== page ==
Renewable energy has jobs for the future, now

An array of wind turbines near the Pennsylvania Turnpike Somerset service areaAmid the political posturing about the nation’s unemployment rate, two encouraging tidbits surfaced in the news flow this week.
The first item was that rising unemployment numbers might well indicate increasing numbers of jobs. Counter-intuitive, but true.

The second item to grab my ear was there are plenty of new jobs in the renewable energy industry, particularly for anyone interested in climbing 300-foot high wind-power towers to maintain the turbines.

And interested also, possibly, in moving from where they live to where the jobs are. (There was a time in this nation’s history when it was normal to move one’s residency for promise of income.)

For instance, Oklahoma has been beneficiary of a boom in wind-power generation, with small, jobless towns gaining treasure in much the way northern tier Pennsylvania towns have benefited from the Marcellus Shale … Read it all …

One thought on “Renewable energy has jobs for the future, now”

  1. Hello John,
    Please take a look at http://www.projectgaia.com and join the Project Gaia Facebook page to keep up with our news.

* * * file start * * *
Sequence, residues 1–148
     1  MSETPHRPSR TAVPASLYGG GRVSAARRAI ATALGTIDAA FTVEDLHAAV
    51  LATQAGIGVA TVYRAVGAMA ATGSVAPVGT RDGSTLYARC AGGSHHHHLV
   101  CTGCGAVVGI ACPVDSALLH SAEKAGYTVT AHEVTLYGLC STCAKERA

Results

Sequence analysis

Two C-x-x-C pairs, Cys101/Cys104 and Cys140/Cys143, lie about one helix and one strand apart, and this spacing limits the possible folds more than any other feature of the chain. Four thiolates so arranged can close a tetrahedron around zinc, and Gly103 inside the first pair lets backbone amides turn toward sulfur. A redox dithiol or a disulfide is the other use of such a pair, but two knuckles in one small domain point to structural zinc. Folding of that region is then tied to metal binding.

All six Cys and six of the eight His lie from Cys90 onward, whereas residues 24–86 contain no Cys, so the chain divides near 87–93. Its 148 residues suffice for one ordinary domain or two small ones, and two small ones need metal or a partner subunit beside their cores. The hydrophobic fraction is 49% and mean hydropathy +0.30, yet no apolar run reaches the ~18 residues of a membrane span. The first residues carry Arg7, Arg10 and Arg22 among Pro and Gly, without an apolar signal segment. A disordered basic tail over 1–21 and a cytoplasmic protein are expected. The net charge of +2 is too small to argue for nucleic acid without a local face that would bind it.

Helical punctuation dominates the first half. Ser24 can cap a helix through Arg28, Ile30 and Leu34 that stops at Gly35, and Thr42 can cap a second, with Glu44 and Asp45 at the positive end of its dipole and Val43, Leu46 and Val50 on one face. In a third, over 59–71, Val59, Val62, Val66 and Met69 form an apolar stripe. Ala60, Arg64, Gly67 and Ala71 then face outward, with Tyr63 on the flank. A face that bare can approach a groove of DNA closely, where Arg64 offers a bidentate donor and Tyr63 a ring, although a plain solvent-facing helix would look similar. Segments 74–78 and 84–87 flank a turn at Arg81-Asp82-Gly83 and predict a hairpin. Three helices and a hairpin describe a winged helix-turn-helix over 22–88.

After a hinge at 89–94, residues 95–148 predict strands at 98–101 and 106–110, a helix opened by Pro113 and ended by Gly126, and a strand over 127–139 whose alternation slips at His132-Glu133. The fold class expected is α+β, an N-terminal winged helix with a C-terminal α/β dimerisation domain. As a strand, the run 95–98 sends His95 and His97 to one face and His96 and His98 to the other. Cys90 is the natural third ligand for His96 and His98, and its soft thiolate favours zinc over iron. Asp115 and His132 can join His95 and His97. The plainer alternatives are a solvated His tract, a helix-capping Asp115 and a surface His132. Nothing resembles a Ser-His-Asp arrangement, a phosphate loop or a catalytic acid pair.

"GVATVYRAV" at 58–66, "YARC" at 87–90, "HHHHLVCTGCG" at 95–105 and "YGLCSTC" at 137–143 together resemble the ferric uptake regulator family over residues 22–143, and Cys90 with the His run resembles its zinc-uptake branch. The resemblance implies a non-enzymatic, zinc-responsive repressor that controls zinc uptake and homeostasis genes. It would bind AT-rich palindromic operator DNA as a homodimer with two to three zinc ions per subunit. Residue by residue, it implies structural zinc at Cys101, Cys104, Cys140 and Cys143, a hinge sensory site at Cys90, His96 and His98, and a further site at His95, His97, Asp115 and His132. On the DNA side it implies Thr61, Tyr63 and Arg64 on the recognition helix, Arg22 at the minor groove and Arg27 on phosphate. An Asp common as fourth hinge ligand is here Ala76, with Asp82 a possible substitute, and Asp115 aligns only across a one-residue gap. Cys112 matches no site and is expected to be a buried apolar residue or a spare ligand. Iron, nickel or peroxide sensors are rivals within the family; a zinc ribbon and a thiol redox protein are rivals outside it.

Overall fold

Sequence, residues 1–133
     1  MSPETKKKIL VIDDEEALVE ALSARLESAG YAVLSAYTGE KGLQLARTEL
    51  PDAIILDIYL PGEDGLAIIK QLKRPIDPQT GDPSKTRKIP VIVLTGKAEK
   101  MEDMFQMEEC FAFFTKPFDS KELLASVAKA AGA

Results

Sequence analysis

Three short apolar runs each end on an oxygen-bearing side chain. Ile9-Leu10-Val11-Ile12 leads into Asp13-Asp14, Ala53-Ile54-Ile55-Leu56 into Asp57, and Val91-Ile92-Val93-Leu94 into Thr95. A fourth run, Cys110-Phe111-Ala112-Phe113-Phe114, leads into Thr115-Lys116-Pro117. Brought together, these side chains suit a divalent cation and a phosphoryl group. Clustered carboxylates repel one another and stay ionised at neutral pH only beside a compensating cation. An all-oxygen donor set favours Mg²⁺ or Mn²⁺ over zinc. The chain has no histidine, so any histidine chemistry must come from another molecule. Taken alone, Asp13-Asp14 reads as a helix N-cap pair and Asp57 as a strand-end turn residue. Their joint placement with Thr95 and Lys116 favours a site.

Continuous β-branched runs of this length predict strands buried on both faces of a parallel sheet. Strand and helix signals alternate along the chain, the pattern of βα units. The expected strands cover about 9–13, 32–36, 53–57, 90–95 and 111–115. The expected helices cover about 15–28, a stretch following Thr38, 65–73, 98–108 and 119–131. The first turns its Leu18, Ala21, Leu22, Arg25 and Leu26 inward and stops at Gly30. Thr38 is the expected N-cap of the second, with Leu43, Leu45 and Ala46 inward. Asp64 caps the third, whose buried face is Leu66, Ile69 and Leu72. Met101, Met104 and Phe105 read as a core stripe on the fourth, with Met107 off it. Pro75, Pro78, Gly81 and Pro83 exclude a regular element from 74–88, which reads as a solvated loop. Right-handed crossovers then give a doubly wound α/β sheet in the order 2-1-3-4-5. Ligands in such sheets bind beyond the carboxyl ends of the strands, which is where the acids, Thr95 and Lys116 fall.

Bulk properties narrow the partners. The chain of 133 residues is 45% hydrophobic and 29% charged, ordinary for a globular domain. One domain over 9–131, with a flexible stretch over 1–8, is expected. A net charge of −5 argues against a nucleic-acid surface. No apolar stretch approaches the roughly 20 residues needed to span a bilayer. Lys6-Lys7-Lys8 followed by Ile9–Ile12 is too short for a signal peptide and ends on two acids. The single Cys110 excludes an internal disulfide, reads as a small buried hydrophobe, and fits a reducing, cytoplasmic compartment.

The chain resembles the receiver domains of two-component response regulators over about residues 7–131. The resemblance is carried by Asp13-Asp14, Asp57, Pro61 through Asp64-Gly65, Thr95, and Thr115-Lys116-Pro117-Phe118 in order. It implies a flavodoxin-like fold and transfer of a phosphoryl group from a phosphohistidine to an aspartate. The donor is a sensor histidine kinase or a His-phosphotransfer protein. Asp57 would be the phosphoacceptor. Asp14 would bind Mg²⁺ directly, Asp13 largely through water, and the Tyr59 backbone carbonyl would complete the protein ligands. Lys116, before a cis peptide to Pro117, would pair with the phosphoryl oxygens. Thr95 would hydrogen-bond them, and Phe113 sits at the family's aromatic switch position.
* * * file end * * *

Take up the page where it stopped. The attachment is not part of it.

In the Niger Delta the oil majors flare enoug gas to fuel 50+ million cookstoves on an ongoing basis. In Haiti, the original sugarcane country, cane production has dropped from 80,000 cultivated hectares to under 15,000 hectares. The solution currently being advanced for Haiti by USAID is to import fossil fuels for cooking instead of promoting the development of an ethanol fuel industry supported by small farmers that would power stoves and other appliances, including generators for local power needs. Project Gaia is promoting unique solutions for both Nigeria and Haiti, and other countries as well.

    In the U.S. POET Energy has just broken ground on its first cellulostic ethanol plant. This will be ethanol from cellulose, not corn. This has been a dream of U.S. visionaries since Henry Ford invented the Model-T, which was designed to run on ethanol produced by farmers.

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